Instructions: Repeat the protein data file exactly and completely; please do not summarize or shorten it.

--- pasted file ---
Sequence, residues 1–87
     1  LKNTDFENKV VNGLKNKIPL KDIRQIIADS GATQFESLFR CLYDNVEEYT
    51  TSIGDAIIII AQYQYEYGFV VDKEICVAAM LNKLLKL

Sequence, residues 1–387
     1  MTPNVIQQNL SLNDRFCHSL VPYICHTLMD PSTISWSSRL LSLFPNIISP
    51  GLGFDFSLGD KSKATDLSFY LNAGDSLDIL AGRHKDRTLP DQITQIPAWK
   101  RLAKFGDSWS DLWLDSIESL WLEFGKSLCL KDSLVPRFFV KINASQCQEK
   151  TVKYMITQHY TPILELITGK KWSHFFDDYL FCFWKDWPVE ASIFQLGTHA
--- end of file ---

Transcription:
Sequence, residues 1–87
     1  LKNTDFENKV VNGLKNKIPL KDIRQIIADS GATQFESLFR CLYDNVEEYT
    51  TSIGDAIIII AQYQYEYGFV VDKEICVAAM LNKLLKL

Sequence, residues 1–387
     1  MTPNVIQQNL SLNDRFCHSL VPYICHTLMD PSTISWSSRL LSLFPNIISP
    51  GLGFDFSLGD KSKATDLSFY LNAGDSLDIL AGRHKDRTLP DQITQIPAWK
   101  RLAKFGDSWS DLWLDSIESL WLEFGKSLCL KDSLVPRFFV KINASQCQEK
   151  TVKYMITQHY TPILELITGK KWSHFFDDYL FCFWKDWPVE ASIFQLGTHA